Screen Addiction Affects Physical and Mental Health

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Just like tobacco and alcohol use, screen time can become an addiction that can damage your health and relationships if it’s not kept it check.

“Screen addiction is a group of behaviors that are negative, some negative outcomes, that can happen when we use too much technology during our day,” says Kathryn Lorenz, MD, of Upper Valley Family Medicine, part of Premier Physician Network. “Prolonged use of watching TV, video games, scrolling through social media – all of that use acts like a digital drug for our brain.”

Screen use releases dopamine in the brain, which can negatively affect impulse control. Dr. Lorenz says studies have shown screen time affects the frontal cortex of the brain, similar to the effect of cocaine.

Similar to drugs, screen time sets off a pleasure/reward cycle that can have a negative impact of your life.

Screen Time and Kids

Screen time recommendations for children have shifted over the years. The most recent recommendations set these limits:

  • Up to 6 months old: no screen time
  • 6 months to 2 years old: use screen time only for interactive social play with an adult or to video chat with loved ones
  • 2 to 5 years old: no more than one hour of screen time
  • School-aged kids: no set time limit, but parents should limit social media use and gaming

“We want to still encourage an hour a day at least of physical activity,” Dr. Lorenz says. She recommends face-to-face play with other kids, reading books, playing non-video games, playing with toys, and learning life skills, like cooking with parents – all without screens.

“If our children are relying on screens for their entertainment, that could be a warning sign that they’re addicted to screens,” Dr. Lorenz says. “If there’s a struggle over stopping screen use, that’s usually a warning sign that they’re fairly addicted to it and their brains are really craving it.” Another concern, she says, is when children routinely choose screens over books, non-video games, and toys that they used to play with.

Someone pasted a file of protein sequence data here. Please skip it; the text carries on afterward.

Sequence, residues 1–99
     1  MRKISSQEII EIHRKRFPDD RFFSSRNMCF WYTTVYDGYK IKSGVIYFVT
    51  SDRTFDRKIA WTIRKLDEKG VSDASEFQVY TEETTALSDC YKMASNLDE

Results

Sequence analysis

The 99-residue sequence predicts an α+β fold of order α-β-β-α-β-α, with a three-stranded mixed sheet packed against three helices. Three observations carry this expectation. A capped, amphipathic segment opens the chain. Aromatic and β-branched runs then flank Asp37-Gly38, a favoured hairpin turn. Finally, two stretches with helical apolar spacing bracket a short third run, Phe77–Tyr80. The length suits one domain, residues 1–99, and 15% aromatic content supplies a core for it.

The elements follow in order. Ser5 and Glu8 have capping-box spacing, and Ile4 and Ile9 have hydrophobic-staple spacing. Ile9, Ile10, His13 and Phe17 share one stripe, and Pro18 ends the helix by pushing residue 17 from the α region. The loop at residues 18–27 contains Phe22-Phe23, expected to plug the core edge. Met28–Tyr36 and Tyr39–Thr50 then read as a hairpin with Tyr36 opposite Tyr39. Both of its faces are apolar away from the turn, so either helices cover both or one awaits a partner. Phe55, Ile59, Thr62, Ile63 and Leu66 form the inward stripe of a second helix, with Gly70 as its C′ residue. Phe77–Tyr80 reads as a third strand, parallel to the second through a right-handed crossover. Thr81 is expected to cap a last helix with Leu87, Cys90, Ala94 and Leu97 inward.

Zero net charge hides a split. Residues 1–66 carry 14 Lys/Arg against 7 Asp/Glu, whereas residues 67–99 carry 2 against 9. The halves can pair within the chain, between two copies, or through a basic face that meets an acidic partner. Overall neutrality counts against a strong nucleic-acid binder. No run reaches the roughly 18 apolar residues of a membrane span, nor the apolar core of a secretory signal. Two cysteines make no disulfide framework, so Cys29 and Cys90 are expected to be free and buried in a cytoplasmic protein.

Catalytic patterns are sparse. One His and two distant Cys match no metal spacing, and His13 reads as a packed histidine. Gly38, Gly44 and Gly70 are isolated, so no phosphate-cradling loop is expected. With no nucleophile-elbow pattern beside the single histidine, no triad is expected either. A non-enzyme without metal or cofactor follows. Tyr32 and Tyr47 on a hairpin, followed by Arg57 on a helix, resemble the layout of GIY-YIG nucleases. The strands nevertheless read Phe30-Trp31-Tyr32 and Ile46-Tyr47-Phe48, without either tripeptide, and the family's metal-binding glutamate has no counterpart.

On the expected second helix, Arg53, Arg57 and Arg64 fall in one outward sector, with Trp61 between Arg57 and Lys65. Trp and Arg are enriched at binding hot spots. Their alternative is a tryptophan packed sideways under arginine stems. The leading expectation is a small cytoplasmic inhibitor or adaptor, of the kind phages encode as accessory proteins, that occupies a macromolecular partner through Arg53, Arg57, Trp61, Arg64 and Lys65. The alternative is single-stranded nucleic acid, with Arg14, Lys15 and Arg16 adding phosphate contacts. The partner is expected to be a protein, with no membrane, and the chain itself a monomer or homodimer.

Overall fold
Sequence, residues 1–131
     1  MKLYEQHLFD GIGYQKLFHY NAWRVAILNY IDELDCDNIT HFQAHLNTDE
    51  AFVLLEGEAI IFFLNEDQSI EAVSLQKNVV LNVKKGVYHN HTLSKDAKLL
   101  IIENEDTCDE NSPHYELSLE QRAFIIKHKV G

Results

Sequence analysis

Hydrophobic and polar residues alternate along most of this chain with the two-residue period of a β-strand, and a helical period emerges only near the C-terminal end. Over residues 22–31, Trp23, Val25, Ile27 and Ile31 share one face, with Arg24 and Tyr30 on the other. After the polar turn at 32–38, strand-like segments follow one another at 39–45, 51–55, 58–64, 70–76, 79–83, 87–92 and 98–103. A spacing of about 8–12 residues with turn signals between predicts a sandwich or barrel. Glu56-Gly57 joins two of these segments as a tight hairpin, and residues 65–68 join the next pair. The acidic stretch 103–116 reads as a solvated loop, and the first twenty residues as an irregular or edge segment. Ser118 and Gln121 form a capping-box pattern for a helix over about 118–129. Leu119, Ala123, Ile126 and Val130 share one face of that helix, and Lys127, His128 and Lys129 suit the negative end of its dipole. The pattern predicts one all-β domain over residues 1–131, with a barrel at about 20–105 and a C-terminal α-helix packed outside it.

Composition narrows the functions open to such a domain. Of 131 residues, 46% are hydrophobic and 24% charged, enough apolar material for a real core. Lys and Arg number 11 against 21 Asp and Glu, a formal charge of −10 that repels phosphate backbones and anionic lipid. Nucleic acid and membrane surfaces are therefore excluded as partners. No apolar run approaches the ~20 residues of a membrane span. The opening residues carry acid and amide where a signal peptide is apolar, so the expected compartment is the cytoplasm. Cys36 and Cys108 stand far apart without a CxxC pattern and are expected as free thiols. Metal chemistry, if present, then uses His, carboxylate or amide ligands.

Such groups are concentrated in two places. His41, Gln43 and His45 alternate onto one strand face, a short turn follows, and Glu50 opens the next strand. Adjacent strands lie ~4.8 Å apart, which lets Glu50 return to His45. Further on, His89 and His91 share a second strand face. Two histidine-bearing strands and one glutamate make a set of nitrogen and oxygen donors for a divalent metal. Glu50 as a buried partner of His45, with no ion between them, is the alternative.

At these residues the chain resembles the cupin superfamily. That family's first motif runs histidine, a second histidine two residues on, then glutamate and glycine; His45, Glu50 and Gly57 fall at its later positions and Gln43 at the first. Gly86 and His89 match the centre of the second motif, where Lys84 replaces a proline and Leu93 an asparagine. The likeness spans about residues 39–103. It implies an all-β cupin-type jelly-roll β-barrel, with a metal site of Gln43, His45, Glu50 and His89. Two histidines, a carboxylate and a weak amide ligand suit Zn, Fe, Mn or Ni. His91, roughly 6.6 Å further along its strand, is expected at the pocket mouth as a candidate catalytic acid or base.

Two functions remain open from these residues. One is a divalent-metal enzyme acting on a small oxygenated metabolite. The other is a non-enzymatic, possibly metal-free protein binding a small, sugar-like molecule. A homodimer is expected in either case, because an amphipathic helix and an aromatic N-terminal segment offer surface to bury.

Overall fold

Increased aggressive behavior can also be a sign of screen time addiction in kids, especially in children younger than 6 who can’t yet tell the difference between reality and what’s virtual.

Set a Good Example

Part of limiting kids’ screen time is setting a good example as a parent.

Dr. Lorenz recommends monitoring and limiting your own screen usage. She adds, “Don't have TV on in the background, behind all of our activities. If I do that my kids are staring off between questions of their homework. So, model turning the TV off.”

Long-term Effects

In children, effects of screen addiction may include:

  • Speech delay
  • Cognitive impairment
  • Difficulty with problem-solving and creative thinking
  • Cyber bullying and exposure to predators
  • Body weight issues and poor bone health due to lack of physical activity, which later in life can add up to heart disease and other health conditions
  • Depression and anxiety

Being Involved in Your Kids’ Screen Time

Lorenz recommends that parents set screen time limits with their kids. And she advises staying involved in your kids’ screen use. This gives you the opportunity to teach what is appropriate and what to avoid.

“We can certainly play video games with our kids so we know what's actually in the content of them, because not all of the ratings equate to what we think our kids should really be viewing.”

She says, “Interacting with your kids (including during screen time) is going to make them more likely to talk to you, to tell you what they've learned from the internet or from their games.”

To learn more about avoiding screen addiction, talk to your doctor or health care provider or search for a provider.

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